City rentals and bashing the Yamaha Nouvo15th April 2017
Removing and firing the Yamaha Nouvo from our fleet of motorbikes was one of the most unique decisions that Tigit Motorbikes has ever made!
The Yamaha Nouvo remains to be the “go to” rental scooter, and the scooter that the majority of Expats own. As a result, bashing the Yamaha Nouvo is a great way to alienate, upset and lose potential sales!
Why is it that Expats are so defensive over their lovely little Yamaha Nouvo scooters?
The Yamaha Nouvo is a numbers game. A once reasonable quality scooter produced by Yamaha. The early version, the Yamaha Nouvo 1 from 2002/2003 were Japanese imported scooters. The result was an incredible machine that has stood the test of times right up until around the year 2015 when it noticeably started disappearing and being scrapped from the streets of Vietnam.
If found in good condition, the Yamaha Nouvo can be amazing value for money and they can also be reliable! This is what has created this optical illusion of a cheap and reliable scooter.
Now outdated and old, dealing with the Nouvo on scale will reveal about 3 out of 5 Yamaha Nouvo’s never actually work. They are bottomless pits of breakdowns and mechanic bills. In the end, the numbers on the Yamaha Nouvo do not add up! Some get lucky, some do not.
Why not just fix the scooter and make it work?
Yamaha stopped supporting the Nouvo 1/2/3 several years ago, which means it is now impossible to buy parts for them. This creates the commonly seen circle of expats breaking down and fixing their scooter over and over again. The expat will blame the mechanic, review the mechanic and switch mechanics resulting in a pointless circle of drama. Without ever appreciating that the mechanic is not the problem. The real problem is that no parts exist for the Nouvo. Instead dirty cheap Chinese parts are used to keep these scooters on the road.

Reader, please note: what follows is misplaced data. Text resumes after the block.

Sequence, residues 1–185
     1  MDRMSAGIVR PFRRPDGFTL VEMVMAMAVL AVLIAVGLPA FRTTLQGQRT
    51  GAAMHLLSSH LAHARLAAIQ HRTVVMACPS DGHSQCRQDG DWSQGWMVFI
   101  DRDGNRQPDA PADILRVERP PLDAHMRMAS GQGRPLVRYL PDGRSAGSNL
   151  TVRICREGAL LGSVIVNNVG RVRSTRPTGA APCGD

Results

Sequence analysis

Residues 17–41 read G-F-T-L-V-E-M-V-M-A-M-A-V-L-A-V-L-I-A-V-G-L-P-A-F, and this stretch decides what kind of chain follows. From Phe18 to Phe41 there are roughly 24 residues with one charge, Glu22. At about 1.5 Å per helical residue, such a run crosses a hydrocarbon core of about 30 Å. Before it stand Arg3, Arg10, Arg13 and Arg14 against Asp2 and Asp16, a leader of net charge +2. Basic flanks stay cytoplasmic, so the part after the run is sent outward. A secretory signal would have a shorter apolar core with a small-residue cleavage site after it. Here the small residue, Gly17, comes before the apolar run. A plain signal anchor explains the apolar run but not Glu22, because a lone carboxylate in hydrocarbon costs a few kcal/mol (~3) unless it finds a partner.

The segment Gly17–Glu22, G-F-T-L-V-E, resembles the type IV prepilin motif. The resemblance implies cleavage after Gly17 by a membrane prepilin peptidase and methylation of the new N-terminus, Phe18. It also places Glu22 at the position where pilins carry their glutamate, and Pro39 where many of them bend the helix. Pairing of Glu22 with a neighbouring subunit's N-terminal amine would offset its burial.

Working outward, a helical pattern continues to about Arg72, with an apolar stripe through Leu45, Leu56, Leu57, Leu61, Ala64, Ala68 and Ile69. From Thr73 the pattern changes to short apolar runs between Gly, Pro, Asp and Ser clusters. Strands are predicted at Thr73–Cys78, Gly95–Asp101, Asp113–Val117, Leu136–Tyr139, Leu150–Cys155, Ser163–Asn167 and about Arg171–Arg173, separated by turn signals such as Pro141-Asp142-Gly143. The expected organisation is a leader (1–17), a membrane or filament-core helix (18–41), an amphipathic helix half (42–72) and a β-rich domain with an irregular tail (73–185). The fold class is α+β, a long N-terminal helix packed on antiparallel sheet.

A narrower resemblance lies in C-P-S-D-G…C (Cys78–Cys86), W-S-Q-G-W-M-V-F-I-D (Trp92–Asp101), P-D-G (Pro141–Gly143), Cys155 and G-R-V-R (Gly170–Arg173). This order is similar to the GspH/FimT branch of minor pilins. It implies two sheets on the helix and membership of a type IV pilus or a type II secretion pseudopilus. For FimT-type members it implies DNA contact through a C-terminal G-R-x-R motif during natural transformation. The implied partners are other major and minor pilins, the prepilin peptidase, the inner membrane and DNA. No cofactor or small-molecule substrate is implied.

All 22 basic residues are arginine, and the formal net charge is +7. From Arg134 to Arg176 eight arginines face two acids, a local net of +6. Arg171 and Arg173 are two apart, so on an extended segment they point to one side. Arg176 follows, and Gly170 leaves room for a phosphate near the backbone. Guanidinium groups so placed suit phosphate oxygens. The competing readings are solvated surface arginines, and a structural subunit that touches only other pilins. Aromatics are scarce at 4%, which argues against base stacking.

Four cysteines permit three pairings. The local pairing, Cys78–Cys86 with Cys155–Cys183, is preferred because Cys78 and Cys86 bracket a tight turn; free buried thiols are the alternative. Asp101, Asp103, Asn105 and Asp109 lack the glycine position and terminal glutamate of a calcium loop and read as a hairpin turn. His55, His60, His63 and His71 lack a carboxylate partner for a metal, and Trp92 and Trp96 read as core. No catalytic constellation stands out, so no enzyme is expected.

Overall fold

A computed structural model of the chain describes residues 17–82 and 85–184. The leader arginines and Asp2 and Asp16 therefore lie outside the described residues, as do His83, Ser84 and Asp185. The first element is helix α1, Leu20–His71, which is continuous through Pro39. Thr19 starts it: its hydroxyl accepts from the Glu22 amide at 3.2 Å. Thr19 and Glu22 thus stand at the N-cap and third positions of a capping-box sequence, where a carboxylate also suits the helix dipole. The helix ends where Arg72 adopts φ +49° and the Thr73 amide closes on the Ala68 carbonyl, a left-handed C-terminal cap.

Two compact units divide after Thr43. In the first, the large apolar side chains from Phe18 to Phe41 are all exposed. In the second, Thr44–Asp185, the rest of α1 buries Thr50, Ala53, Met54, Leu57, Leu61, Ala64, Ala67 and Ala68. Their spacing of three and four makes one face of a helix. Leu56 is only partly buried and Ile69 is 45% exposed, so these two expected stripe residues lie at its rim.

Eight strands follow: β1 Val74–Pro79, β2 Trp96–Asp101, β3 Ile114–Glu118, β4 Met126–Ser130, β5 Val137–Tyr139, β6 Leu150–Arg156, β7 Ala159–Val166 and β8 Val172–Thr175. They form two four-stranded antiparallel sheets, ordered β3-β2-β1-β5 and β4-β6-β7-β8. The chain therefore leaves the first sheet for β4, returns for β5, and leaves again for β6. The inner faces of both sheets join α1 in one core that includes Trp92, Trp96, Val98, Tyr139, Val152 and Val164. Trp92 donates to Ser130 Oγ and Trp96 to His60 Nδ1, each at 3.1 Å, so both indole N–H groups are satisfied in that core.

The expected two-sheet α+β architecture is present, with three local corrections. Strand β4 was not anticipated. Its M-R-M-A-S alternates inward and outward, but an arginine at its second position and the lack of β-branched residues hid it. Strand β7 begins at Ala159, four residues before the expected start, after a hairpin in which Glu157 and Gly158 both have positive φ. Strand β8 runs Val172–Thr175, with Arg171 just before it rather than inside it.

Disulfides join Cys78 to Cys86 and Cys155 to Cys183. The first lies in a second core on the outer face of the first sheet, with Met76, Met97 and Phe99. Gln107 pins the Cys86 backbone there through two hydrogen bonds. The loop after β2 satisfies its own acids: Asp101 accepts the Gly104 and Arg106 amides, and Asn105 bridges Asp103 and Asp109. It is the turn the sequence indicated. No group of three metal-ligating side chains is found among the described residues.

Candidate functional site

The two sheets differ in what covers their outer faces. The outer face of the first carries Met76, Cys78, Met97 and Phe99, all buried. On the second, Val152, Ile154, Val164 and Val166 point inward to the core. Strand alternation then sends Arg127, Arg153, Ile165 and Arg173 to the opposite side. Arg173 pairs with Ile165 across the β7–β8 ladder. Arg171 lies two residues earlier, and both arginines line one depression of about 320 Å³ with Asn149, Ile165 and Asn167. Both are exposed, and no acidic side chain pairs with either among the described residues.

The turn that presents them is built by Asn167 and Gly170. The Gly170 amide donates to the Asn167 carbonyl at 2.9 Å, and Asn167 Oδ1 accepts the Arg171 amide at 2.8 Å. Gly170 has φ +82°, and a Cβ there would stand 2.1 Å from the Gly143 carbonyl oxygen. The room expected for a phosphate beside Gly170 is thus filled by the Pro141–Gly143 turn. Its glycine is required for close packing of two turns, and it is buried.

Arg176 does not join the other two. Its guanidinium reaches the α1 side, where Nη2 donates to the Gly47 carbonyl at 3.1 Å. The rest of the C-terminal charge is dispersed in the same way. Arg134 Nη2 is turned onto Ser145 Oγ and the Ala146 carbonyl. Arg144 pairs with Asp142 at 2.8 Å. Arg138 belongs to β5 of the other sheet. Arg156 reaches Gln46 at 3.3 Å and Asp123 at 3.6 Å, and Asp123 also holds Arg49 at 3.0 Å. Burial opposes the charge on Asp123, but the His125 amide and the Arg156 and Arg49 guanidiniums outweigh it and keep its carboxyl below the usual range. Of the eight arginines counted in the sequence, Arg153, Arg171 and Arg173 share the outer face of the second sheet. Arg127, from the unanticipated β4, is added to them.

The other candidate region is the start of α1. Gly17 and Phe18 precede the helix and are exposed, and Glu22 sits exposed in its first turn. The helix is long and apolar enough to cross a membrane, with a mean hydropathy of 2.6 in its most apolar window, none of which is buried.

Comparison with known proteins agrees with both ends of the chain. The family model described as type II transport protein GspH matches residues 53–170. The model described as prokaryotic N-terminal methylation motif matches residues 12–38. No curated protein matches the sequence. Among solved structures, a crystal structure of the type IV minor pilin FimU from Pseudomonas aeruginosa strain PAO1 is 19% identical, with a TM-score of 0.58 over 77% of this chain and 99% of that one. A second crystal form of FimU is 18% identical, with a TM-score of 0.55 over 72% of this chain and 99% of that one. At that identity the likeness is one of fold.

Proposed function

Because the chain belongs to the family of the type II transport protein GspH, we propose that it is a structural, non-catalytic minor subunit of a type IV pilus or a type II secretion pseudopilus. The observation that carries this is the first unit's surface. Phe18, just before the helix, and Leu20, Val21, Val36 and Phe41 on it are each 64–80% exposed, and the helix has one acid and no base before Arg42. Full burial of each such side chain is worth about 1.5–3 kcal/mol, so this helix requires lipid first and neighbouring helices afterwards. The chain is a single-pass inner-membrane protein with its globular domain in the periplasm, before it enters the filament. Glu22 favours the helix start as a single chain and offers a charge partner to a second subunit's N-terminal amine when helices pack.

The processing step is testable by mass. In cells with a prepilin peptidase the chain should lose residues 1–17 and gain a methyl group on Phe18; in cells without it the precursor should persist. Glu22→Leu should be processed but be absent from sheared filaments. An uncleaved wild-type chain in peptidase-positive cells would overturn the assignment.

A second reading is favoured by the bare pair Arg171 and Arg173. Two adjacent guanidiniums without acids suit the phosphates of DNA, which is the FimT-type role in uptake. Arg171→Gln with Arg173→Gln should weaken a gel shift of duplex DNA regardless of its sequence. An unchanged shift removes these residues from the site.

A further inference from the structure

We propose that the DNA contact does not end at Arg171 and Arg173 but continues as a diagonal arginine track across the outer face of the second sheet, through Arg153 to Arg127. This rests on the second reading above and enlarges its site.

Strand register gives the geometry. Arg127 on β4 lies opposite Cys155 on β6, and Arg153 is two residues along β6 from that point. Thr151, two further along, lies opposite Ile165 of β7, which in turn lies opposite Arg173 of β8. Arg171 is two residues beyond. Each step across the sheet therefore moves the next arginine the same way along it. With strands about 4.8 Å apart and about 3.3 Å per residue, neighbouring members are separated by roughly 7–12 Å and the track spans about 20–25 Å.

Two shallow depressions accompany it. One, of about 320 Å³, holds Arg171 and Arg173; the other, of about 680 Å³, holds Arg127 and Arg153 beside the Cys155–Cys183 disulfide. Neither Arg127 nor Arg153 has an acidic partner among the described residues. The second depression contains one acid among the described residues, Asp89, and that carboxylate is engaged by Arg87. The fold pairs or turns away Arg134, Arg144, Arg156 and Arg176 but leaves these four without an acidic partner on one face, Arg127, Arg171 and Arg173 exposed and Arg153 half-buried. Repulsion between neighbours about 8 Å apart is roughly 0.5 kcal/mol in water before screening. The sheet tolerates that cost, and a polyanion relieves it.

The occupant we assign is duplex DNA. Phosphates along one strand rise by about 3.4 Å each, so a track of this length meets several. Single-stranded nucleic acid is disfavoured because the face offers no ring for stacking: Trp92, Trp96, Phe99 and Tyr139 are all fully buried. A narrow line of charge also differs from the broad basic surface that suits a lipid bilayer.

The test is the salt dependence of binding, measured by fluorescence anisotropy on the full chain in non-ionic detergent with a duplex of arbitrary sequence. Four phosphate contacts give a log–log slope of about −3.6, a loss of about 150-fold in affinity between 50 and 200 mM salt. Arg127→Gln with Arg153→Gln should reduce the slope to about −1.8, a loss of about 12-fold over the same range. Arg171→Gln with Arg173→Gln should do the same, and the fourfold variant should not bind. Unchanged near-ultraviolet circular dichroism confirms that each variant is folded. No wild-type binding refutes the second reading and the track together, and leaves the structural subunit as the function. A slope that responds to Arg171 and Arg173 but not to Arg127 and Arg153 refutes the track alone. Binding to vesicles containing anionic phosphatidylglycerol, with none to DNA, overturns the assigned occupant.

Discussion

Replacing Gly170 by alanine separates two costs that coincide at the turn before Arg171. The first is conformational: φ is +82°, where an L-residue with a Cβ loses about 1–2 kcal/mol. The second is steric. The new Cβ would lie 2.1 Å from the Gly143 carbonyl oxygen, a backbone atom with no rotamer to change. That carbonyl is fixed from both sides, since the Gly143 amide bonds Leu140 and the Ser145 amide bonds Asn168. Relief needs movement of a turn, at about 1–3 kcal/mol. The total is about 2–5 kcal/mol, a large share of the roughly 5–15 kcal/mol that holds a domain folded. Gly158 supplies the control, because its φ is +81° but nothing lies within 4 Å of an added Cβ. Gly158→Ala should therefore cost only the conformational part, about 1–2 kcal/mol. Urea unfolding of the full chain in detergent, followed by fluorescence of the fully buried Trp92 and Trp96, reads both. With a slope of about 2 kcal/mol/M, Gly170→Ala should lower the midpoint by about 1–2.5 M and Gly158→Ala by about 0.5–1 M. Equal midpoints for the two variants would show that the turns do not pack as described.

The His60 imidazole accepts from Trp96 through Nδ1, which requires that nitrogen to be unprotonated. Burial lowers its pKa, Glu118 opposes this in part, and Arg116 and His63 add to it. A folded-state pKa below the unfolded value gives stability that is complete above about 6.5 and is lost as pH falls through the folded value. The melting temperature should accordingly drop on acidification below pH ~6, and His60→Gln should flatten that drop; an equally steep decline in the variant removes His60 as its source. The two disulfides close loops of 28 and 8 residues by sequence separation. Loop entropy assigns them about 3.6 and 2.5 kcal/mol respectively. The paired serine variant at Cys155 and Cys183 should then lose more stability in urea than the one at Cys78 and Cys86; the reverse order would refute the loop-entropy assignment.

Expats believe that this regular cheap maintenance is normal, and rarely consider the build up of bills over time.
Just how much do they breakdown?
There have been no rental companies to successfully scale the Yamaha Nouvo as a rental scooter. Small companies, or Vietnamese households will buy a few for around $200+ and charge 1 million dong monthly rentals to get a quick return on investment. Risk free and a good business model to make a few extra dollars.
Try and scale this up beyond 20 rental vehicles and the breakdown problem becomes a very real issue. Stock control becomes difficult as multiple vehicles can breakdown in a day, resulting in a quick turnover of scooters among clients. It can also be hard to gain transaction as being a reputable and reliable company. A few friends may introduce referrals, but a wall is hit as to how far the small community circles can go.
At Tigit we reached around 30 Yamaha Nouvo’s before considering closing the rental business down entirely. Hitting up to 5 breakdowns a day. The business model was failing and the realization that it could not be expanded became a real threat.
The answer to the problem was the Suzuki Hayate!
The Suzuki Hayate remains to be a mystery to most people. Suzuki are a small brand in Vietnam and not particularly popular on the Vietnamese market. We discovered the Hayate in the beach town of Mui Ne. A relaxing beach holiday turned into fascination and excitement at the discovery of this unique scooter that was crowding the street of Mui Ne. Russians were using it, locals were using it and rental companies were using it. Upon renting one, it was apparent that something special had been discovered. We bought two on the spot and drove them back to Saigon. From there, our fleet of Suzuki Hayate rentals took off and Tigit Motorbikes now thrives with city rentals!
Today, Tigit Motorbikes owns 0 Yamaha Nouvo’s and around 60 Suzuki Hayate scooters! A breakdown average on the Hayate that we consider optimal!